In a recent statement by Suez Canal Authority Director Osama Rabie, strong winds in sandstorms were not the main reason why EverGiven crashed into the sand, but could be due to technical or technical factors. human.
“Strong winds and sandstorms are not the main cause of the boat getting stranded, it could be due to technical errors or human error,” Rabie said.
Recorded data showed that EverGiven ran at 13.5 Knots at 7:28 am on March 23, just 12 minutes before the accident. This speed is faster than the ceiling of 7.6 Knots, equivalent to 13.8km / h that the Suez Canal allows cargo ships to operate here.
Another equally large cargo ship, Maersk Denver, behind EverGiven, only dared to speed 10.6 Knots at 7:28 a.m. due to the effects of a sandstorm.
According to director Rabie, whatever the cause, all the factors that caused the accident above are also being investigated. When asked when the EverGiven was to be rescued, Rabie said it could be depending on the tide.
EverGiven train with a length of more than 4 folded football fields has blocked the main road of international trade. Suez Canal currently accounts for 12% of the total freight worldwide and an average of 50 ships per day passing here.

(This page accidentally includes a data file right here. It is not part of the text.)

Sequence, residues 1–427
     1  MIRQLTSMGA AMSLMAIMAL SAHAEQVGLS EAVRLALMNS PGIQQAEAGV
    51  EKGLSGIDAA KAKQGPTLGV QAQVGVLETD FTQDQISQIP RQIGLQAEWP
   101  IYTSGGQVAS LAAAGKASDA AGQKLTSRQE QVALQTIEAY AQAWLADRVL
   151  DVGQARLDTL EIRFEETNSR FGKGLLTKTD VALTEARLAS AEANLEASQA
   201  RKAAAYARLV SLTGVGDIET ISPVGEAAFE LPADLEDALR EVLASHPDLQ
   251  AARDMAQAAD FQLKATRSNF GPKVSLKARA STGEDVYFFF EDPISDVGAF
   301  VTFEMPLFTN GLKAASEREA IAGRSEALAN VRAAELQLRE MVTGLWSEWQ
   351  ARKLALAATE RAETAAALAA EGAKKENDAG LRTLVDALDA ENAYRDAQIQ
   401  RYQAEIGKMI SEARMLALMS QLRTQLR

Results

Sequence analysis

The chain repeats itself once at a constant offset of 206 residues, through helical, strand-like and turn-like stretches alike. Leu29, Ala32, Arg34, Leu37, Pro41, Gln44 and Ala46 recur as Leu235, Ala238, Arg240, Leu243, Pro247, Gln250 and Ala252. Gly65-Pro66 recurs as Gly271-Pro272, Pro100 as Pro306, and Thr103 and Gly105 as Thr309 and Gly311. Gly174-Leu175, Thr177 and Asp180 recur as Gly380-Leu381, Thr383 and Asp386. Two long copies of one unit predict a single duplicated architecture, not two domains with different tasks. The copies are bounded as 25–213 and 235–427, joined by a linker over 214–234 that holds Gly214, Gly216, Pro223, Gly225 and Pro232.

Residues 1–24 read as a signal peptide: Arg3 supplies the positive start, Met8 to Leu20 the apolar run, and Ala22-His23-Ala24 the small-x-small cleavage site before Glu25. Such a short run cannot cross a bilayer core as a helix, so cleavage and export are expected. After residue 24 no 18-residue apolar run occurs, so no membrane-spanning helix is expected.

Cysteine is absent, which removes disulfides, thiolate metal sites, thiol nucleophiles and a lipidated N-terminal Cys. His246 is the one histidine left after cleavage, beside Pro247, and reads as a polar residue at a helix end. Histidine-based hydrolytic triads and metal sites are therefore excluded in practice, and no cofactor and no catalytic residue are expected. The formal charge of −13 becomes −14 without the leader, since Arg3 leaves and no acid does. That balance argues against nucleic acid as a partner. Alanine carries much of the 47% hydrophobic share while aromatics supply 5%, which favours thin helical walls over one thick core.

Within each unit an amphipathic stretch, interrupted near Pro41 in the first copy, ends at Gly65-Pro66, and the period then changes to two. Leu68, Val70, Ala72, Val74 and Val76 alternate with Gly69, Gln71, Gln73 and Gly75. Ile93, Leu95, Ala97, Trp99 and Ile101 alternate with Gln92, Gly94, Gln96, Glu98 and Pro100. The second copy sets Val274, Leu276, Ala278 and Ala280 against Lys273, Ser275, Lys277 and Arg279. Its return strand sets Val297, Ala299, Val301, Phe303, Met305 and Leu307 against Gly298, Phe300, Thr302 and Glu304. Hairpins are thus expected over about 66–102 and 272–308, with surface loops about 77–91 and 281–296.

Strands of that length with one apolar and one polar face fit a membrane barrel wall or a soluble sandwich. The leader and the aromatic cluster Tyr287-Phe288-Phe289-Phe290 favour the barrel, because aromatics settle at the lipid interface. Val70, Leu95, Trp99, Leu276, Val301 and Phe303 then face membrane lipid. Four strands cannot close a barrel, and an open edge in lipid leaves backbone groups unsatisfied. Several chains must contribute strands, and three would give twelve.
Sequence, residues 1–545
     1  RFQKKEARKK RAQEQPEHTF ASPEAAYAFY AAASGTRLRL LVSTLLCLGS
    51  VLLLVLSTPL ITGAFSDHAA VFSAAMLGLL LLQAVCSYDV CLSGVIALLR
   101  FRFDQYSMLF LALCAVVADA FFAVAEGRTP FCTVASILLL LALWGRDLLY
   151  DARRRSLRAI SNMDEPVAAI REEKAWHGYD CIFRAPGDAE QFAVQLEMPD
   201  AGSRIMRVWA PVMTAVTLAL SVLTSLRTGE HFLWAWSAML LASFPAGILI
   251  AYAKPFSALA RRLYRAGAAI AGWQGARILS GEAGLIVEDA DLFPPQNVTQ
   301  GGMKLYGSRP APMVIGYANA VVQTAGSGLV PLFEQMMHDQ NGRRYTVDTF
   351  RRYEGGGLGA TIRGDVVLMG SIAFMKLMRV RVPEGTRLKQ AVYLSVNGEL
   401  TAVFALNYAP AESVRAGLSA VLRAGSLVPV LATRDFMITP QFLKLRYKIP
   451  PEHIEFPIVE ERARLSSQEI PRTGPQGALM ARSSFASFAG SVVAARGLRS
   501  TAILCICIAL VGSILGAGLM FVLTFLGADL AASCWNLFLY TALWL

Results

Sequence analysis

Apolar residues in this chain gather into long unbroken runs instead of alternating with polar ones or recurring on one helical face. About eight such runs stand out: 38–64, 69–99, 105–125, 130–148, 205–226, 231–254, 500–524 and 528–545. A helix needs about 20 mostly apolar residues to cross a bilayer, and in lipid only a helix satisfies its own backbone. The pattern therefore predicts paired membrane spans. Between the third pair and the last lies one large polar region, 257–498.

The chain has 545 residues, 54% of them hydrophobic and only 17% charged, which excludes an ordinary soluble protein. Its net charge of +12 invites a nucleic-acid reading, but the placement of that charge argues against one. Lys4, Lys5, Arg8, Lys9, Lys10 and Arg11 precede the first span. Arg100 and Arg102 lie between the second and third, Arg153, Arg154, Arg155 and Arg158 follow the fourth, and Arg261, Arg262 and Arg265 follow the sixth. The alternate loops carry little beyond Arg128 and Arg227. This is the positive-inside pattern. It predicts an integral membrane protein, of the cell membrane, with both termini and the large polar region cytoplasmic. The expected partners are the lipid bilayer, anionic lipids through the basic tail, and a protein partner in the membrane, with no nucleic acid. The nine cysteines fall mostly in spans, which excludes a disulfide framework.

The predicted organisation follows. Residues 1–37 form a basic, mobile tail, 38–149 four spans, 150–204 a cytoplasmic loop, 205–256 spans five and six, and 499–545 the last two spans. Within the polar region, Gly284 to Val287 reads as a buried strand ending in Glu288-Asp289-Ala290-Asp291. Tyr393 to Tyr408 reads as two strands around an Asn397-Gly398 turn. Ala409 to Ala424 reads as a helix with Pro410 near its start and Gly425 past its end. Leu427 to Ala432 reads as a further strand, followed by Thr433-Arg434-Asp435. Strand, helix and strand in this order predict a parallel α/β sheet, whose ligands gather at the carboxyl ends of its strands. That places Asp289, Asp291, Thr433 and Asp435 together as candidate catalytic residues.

The Suez Canal Crisis is blocking the flow of nearly $ 10 billion a day, or about $ 400 million per hour. Currently, about 321 cargo ships are lining up to get clearance through the Suez Canal and this number will increase rapidly day by day.
The rescue of the EverGiven ship took place quite difficult because the low tide caused the ship to run aground. The staff were trying to dig sand to make the boat float and pulled it out of the accident area with a rope. However, the low tide, the sediment drifting and the more water clinging to the bottom of the boat made the rescue process more challenging.
“The soil we are dealing with is very difficult to dig out. While low tide, strong winds, heavy and heavy ships have a huge impact on the rescue,” Mr. Rabie stressed.
Director Rabie said they had dug the void 18 meters deep and hoped to get the ship out of the canal soon. The ship’s rudder and propeller are back on track, but it is still unclear when the ship will be rescued.
According to Mr. Rabie’s estimates, an average of 12-14 million dollars in revenue losses per day to Egypt because of the congestion of the Suez Canal.
“We are continuing to curl the sediment with additional tools,” said President Yukito Higaki of Shoei Kisen, which owns EverGiven, an apology for causing such trouble to the canal as well as delivering brand around the globe.
Up to now, the media have not received any successful news from rescuing EverGiven.
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